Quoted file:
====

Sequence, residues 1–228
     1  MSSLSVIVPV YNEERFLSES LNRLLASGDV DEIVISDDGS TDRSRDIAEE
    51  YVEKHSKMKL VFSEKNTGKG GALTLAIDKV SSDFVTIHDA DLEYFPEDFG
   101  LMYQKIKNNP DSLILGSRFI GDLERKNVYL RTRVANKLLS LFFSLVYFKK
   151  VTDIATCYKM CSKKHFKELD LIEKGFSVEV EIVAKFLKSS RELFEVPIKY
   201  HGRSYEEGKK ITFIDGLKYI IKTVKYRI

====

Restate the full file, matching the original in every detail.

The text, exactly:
Sequence, residues 1–228
     1  MSSLSVIVPV YNEERFLSES LNRLLASGDV DEIVISDDGS TDRSRDIAEE
    51  YVEKHSKMKL VFSEKNTGKG GALTLAIDKV SSDFVTIHDA DLEYFPEDFG
   101  LMYQKIKNNP DSLILGSRFI GDLERKNVYL RTRVANKLLS LFFSLVYFKK
   151  VTDIATCYKM CSKKHFKELD LIEKGFSVEV EIVAKFLKSS RELFEVPIKY
   201  HGRSYEEGKK ITFIDGLKYI IKTVKYRI